It is not strange for someone who has lived a long life, as it seems the the writer in the story has, and Hardwick herself was 60 when the book was published. Love and death are elemental parts of life’s existence. What’s interesting is how unobtrusively it is inserted, how pragmatically it is often noted. For all its frequency on the first read it is does not produce an overbearing, dramatic, or depressing effect, at least it didn’t for me. One simply nods and takes it in, perhaps too taken with the persons when alive to notice the inevitable undercurrent too much.
Love is depicted depressingly enough, or at least portrayed in all its very modern condition. Or perhaps the better word is sexual relations? The Elizabeth of the novel mentions a time in her youth when she had sex “merely to have it” but never recalls a time when it was pleasurable; suggestive because she was married for an unspecified number of years. Persons of various sexual persuasions have relationships that are doomed from the start because of the personalities involved. Divorce is the rule of the day with the novel’s Elizabeth no exception. Women are left to soothe themselves with art or to seek reassurance from similar victims that life post-divorce is OK:
Two women recently divorced came up to me with inquisitorial and serious frowns. Are you lonely? they asked.
That’s marvelous, the first one said, smiling. The second said, gravely: Terrific.
The earliest mentions of sex in the book is the predatory bribes of a “very nice-looking old man” to young girls, shame-tainted episodes in a house in a seedy side of town with an older gentleman when she was 18, and the lurid end of a young prostitutes life from STDs. And she makes brief allusions to drunken encounters with drunk frat boys.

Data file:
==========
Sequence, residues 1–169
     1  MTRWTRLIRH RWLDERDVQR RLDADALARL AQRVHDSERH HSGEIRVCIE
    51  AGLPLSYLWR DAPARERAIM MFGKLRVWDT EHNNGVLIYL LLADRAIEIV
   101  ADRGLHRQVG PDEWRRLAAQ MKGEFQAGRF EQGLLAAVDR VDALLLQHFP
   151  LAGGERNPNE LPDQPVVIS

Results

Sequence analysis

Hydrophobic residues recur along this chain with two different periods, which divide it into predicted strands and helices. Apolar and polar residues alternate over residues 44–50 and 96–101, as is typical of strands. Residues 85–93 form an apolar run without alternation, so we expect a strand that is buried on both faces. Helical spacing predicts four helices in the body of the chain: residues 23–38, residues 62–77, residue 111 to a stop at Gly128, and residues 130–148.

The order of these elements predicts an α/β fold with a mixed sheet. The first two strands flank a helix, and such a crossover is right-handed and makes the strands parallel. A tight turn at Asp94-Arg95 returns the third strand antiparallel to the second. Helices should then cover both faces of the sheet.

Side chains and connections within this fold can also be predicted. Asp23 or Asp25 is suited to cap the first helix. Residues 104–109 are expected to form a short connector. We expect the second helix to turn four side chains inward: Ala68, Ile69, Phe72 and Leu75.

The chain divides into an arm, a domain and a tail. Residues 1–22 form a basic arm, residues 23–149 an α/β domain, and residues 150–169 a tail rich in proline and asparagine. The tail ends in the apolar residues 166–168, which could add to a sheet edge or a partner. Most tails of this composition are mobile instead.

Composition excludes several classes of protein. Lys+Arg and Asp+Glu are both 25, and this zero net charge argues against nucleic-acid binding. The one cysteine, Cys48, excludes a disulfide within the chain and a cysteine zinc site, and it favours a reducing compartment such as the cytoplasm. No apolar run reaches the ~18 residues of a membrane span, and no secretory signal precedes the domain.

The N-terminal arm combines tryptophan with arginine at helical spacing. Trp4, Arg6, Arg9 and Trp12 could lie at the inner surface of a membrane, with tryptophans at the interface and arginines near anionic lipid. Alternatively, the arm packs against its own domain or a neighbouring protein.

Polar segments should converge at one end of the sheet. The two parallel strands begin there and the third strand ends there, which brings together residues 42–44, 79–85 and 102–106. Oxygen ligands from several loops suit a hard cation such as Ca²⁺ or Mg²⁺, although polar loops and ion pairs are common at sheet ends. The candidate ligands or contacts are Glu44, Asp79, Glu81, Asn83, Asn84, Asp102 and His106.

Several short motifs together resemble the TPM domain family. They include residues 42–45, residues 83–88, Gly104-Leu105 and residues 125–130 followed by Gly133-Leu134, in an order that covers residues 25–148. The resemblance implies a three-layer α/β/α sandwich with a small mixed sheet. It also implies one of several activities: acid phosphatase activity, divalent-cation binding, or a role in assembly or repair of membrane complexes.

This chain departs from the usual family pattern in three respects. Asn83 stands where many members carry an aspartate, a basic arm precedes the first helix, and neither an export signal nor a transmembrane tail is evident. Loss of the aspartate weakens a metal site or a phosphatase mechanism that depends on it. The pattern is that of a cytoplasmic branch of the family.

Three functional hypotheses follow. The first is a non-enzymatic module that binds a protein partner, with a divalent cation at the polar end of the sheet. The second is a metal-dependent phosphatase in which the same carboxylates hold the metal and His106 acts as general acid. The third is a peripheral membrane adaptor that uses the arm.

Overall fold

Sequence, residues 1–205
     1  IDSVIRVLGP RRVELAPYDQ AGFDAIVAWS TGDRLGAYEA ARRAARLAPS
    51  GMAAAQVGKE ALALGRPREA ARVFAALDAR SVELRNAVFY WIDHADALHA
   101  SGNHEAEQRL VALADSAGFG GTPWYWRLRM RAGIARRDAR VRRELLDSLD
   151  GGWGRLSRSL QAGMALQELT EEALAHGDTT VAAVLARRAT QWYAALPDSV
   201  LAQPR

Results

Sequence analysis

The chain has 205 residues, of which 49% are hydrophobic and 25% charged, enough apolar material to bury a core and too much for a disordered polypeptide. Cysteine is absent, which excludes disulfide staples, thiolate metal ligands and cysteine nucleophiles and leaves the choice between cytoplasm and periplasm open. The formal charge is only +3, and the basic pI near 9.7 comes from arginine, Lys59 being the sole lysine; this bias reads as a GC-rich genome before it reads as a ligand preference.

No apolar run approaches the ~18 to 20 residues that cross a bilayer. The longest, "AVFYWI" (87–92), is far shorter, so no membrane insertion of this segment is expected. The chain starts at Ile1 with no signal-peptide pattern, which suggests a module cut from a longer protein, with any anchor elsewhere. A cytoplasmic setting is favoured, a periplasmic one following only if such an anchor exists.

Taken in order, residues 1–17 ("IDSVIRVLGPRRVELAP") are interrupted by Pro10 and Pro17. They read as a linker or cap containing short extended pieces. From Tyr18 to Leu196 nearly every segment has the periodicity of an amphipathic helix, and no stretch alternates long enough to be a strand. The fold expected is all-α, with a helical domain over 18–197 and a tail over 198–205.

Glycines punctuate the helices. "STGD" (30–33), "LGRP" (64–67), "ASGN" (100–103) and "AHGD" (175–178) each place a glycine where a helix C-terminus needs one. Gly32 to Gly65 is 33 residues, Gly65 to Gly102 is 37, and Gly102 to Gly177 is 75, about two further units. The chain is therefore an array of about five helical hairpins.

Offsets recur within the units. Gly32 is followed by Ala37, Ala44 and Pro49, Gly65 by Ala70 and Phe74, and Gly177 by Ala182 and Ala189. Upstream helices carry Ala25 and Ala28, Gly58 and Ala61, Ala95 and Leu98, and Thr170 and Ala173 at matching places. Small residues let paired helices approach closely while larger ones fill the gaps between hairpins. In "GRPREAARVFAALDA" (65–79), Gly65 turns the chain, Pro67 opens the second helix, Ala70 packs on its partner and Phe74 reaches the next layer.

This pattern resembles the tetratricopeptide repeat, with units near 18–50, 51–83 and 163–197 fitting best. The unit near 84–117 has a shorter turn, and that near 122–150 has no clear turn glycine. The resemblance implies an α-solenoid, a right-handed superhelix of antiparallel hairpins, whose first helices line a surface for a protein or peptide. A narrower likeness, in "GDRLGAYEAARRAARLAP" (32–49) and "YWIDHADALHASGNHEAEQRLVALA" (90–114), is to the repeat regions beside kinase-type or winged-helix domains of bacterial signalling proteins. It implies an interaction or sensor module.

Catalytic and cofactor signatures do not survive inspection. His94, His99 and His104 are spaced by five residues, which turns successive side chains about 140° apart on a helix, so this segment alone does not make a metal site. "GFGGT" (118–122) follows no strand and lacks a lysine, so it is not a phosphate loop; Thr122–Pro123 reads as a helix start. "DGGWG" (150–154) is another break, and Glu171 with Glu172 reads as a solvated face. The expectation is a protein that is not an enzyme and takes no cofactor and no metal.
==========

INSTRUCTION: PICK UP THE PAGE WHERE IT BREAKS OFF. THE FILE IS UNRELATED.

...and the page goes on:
Again it’s odd how the details look very glum so baldly laid out, but attain a natural, flexible life in the story in which one merely accepts it as part of the story and is not disturbed or unduly bothered by it. But Hardwick acknowledges the intentional tone behind the recounts of such moments: “Sentences in which I have tried for a certain light tone — many of those have to do with events, upheavals, destructions that caused me to weep like a child.”
In the end I can only be pleased at a writer who places in an autobiographical novel everyone but herself at the forefront. For a New York novel it misses all the stereotypes. It encompasses persons who are truly from all levels of society — in which “starving artists” are certainly not the most destitute — with those of the working class meriting more vibrant descriptions that almost anyone else. There are deadly swipes at the “frozen intellectuals”, depictions free from clumsy inclusions of a plucky, white middle-class hero. On the first read through I retained a vague pleasure. On the second I leave with a finer view into the unending facets of the people one meets in ordinary life, provided in superior form by an inveterate observer. Connections between chapters were easier to catch and a discernible if not cohesive design emerged. It’s a book that requires rereading, I think. (Only for those who enjoyed it the first time through of course. I’m no proponent of torture.)